It is actually Deputy Secretary Zoellick who has a strategic dialogue with China and I am leading a sub-regional dialogue as I would call it, on Africa. Indeed one of the big issues that we discussed when I went to Beijing was Sudan. Their Assistant Secretary equivalent is actually also their envoy for Sudan, and it was very clear to him. We shared a concern about the situation that it is unacceptable for so many people to be in these IDP camps, so many people to be refugees in Chad, to have left their homes because of the Janjaweed attacks against them supported by the government, as well as the rebel attacks—the Sudanese Liberation Movement and the Justice and Equality Movement—have also attacked African Union forces and the civilians—as President Bush would call them, the innocent people in Darfur. We talked about that. China’s concern is stability. Their biggest issue was that they could not do anything to destabilize Sudan. My response is, "The government has already destabilized Sudan by its actions in Darfur, and that is the threat to stability."

Jerry Fowler:
Do the Chinese have trouble accepting that? It seems self-evident that if what you want is stability—to protect your investments in their case—that Darfur is moving the country in the wrong direction.

Jendayi Frazer:
I think that the Chinese are aware that they have to try to do something in the atrocities in Darfur. I am certain that the special envoy who is an old Africa hand understands this, but what we need the Chinese to do is to bring pressure on the government to do something about the situation, and to do something, meaning to not support the Janjaweed, to in fact, disarm the Janjaweed for that matter, to stop the atrocities that they are carrying out against the people, to unequivocally indicate that that is their policy, that their policy is to bring stability to Darfur and to allow the Darfurian people to have a stake in a national, unified government of Sudan in which the wealth and power of that country is shared with all of the people. The Chinese understand the message; we were unequivocal in giving it to them. I know that the Deputy Secretary has done so. We expect China to play a positive role in this regard, and China has said it has some of its observers in the AMIS force itself, so they have first-hand witness to what is taking place in Darfur. We will continue in our dialogue with China to try to push them to do the right thing in Sudan.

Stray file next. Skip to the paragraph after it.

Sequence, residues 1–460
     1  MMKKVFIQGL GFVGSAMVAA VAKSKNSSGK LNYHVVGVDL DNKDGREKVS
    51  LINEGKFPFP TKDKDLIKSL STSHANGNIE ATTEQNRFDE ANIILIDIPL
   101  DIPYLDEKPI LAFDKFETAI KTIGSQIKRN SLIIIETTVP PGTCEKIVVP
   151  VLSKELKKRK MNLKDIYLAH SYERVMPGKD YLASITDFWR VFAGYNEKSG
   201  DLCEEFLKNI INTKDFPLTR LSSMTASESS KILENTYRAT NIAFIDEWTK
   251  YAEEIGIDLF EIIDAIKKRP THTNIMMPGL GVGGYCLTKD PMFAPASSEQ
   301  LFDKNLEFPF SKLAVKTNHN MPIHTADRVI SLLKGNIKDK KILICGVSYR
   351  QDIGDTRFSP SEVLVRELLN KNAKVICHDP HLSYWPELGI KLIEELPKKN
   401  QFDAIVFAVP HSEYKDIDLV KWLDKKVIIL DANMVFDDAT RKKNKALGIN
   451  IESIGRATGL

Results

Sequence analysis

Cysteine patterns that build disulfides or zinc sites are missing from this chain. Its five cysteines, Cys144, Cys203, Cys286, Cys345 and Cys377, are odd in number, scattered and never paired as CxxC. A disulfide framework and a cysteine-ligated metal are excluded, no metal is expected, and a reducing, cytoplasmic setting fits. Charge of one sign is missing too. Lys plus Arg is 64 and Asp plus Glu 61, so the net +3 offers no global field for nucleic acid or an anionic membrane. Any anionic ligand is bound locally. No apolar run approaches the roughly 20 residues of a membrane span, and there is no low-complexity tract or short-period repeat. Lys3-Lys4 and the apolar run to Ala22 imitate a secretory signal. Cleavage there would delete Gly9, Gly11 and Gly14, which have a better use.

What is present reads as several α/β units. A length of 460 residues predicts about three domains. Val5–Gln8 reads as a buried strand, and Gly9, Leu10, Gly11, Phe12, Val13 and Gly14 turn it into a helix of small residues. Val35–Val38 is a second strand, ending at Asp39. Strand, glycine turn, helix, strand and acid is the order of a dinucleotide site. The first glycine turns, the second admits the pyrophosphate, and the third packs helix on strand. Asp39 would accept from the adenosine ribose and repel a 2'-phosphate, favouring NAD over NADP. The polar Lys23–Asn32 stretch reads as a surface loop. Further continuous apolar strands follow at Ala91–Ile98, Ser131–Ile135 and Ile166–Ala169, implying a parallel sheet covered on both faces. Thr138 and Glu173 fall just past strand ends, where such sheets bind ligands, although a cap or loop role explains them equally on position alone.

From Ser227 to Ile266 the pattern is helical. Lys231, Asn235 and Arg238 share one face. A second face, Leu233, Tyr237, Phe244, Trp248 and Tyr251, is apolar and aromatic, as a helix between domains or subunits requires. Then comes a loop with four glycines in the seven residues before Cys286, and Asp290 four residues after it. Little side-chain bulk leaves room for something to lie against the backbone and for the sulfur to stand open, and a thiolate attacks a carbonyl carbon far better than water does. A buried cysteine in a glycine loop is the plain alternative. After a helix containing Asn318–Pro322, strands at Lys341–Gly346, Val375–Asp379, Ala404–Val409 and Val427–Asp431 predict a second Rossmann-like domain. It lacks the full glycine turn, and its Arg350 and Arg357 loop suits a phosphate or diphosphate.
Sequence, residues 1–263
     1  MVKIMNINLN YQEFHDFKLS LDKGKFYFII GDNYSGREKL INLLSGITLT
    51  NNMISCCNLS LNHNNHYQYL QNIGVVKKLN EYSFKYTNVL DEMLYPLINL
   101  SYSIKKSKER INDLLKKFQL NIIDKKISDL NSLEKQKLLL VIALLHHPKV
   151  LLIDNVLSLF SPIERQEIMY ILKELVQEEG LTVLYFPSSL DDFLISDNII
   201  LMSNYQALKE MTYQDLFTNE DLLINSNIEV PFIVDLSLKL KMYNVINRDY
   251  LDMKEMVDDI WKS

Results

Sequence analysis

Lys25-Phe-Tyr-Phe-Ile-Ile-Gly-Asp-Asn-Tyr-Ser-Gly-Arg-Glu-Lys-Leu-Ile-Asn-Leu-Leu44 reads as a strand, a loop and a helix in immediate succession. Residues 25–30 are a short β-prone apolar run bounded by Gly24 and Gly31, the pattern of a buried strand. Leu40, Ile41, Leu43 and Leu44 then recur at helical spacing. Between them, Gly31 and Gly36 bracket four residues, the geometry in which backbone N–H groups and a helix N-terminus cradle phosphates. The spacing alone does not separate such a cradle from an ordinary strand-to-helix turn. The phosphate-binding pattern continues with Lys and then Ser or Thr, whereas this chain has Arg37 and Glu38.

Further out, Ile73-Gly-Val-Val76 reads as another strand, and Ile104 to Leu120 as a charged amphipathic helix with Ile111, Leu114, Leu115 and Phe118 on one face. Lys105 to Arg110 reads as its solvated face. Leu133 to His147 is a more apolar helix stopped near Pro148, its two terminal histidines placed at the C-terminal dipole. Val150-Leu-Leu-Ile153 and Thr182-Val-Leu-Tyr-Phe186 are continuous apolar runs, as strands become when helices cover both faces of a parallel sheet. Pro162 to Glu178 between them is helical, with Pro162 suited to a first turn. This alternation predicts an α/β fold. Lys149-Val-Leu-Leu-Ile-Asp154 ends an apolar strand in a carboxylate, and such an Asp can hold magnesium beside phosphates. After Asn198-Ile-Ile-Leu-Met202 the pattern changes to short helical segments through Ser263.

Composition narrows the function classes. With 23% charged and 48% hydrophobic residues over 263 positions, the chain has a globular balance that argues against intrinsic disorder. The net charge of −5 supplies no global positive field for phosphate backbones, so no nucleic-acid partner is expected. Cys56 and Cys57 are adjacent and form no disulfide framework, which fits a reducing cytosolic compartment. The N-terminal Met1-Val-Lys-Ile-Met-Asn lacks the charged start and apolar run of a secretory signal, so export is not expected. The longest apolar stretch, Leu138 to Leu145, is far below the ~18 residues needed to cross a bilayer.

Jerry Fowler:
Secretary Frazer, I think there are a lot more issues we could talk about but we are at the end of our time. I want to thank you so much for joining us and I hope that you will agree to come back sometime.


Jendayi Frazer:
Absolutely, I have enjoyed it. Thank you very much.

Narrator:
You have been listening to Voices on Genocide Prevention, a podcasting service of the United States Holocaust Memorial Museum. To learn more about the Museum’s Committee on Conscience, visit our website at www.committeeonconscience.org.